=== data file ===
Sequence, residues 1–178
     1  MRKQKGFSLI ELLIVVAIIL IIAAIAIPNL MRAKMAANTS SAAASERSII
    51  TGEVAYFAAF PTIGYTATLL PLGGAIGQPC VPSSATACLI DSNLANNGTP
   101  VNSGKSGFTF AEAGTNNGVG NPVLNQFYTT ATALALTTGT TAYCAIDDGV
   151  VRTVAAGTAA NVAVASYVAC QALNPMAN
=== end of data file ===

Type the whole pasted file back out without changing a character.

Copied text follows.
Sequence, residues 1–178
     1  MRKQKGFSLI ELLIVVAIIL IIAAIAIPNL MRAKMAANTS SAAASERSII
    51  TGEVAYFAAF PTIGYTATLL PLGGAIGQPC VPSSATACLI DSNLANNGTP
   101  VNSGKSGFTF AEAGTNNGVG NPVLNQFYTT ATALALTTGT TAYCAIDDGV
   151  VRTVAAGTAA NVAVASYVAC QALNPMAN